Polyarticular gout and pseudogout cause a build-up of needle-like, microscopic crystals in a joint’s soft tissue. Affected joints can become inflamed and painful, causing people to initially mistake these conditions for rheumatoid arthritis (RA).
Polyarticular Gout vs. Rheumatoid Arthritis
Gout is a metabolic disorder that causes needle-like, microscopic crystals to build up in a joint. In about 90% of gout cases, only one joint is affected.1 When it affects two or more joints it is called polyarticular gout.
How is it similar to RA? Gout causes joint pain, swelling, redness, and warmth, so when it shows up in two or more joints it may be initially mistaken for rheumatoid arthritis. Like RA, gout can cause fever, fatigue, and/or a general feeling of being sick.
How is it different? Gout symptoms usually appear suddenly and without warning. Symptoms often appear at night, waking up a person from sleep. The pain can be excruciating and is typically at its worst within one or two days of initial onset. In contrast, rheumatoid arthritis pain usually appears more gradually and is most notable in the first hour after waking.
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Gout can be diagnosed or ruled out by drawing fluid from the affected joint(s) and examining it under a microscope. People with rheumatoid arthritis rarely get gout.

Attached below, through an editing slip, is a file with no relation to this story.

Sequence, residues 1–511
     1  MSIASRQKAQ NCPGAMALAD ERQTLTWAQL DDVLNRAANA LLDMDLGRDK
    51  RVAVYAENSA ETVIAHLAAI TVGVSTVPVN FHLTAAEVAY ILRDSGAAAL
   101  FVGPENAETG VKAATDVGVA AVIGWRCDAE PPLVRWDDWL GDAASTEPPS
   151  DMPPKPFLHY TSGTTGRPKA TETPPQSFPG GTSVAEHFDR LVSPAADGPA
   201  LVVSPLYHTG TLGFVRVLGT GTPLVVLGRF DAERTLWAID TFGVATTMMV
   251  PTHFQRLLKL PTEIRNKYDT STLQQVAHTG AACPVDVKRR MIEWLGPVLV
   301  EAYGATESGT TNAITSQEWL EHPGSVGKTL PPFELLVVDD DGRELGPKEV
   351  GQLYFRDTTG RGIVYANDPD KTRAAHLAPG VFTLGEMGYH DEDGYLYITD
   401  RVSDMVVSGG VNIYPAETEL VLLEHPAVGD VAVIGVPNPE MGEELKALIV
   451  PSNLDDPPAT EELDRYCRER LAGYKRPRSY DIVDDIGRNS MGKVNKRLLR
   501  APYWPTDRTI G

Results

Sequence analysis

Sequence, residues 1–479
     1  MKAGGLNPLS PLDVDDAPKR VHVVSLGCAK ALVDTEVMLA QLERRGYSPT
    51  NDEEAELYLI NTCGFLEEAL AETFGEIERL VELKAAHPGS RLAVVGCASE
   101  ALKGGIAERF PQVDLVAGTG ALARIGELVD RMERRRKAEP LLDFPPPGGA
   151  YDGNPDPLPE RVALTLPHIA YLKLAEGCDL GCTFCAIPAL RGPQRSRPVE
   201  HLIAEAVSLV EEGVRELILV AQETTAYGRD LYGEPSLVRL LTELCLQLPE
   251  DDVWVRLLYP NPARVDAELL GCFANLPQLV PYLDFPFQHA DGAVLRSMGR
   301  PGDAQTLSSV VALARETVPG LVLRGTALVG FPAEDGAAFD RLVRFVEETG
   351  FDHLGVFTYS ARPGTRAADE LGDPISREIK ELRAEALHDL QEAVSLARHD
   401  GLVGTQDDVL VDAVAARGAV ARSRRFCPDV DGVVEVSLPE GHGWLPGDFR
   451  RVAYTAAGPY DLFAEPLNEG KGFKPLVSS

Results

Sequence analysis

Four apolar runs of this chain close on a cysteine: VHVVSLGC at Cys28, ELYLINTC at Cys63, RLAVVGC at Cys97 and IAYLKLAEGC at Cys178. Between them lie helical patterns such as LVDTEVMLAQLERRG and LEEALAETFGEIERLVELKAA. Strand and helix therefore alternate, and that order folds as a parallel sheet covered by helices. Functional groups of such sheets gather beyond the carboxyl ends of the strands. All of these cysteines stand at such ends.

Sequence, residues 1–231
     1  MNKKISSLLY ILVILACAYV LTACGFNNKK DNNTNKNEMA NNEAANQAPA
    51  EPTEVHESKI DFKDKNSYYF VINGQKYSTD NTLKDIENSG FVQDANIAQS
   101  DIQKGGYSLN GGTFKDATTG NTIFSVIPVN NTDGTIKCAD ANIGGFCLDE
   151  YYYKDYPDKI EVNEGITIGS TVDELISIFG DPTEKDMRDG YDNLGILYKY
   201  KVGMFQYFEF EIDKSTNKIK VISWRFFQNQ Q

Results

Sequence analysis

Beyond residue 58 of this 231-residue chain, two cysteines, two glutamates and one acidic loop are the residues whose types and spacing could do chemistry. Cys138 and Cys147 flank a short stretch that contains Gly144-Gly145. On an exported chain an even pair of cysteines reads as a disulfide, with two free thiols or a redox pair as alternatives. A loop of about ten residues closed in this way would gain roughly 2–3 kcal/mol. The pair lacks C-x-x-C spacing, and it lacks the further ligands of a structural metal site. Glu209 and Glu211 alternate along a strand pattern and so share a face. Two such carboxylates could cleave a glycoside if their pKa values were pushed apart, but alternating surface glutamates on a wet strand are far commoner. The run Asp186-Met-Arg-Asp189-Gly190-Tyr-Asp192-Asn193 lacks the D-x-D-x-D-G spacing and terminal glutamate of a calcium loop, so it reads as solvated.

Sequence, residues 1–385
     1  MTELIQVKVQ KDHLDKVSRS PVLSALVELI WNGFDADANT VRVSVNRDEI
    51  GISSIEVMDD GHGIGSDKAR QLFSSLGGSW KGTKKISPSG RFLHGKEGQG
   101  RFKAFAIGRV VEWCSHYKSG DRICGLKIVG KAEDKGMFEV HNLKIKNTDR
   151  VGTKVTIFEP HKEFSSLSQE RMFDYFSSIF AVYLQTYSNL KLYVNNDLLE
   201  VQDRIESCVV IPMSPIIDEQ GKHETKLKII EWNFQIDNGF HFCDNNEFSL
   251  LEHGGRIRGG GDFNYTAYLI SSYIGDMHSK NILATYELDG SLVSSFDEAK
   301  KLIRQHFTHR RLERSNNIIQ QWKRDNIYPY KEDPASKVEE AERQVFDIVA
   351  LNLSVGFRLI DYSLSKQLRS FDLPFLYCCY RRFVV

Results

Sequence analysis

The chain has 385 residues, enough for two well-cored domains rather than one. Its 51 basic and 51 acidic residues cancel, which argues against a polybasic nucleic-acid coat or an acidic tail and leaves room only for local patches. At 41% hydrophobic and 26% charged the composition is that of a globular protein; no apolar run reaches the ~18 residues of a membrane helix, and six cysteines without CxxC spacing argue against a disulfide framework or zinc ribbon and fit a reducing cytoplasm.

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Pseudogout (CPPD) vs. Rheumatoid Arthritis
Like gout, pseudogout symptoms occur when microscopic crystals build up in a joint(s). The medical name for pseudogout is calcium pyrophosphate crystal deposition (CPPD) or acute calcium pyrophosphate crystal arthritis (acute CPP crystal arthritis).
How is it similar to RA? Both diseases can cause joints to be painful, swollen, red and warm. Both RA and pseudogout can affect almost any joint, and both commonly affect the ankles, wrists, large knuckles and knees. People with pseudogout may have a fever.
How is it different? Pseudogout symptoms usually appear suddenly and at any time, with excruciating pain often peaking 6 to 12 hours after symptoms begin.2 In contrast, rheumatoid arthritis pain usually appears more gradually and is most noticeable in the first hour after waking.
Pseudogout can be diagnosed or ruled out by drawing fluid from the affected joint(s) and examining it under a microscope. It will typically go away within two weeks even if left untreated. People with RA can also get pseudogout.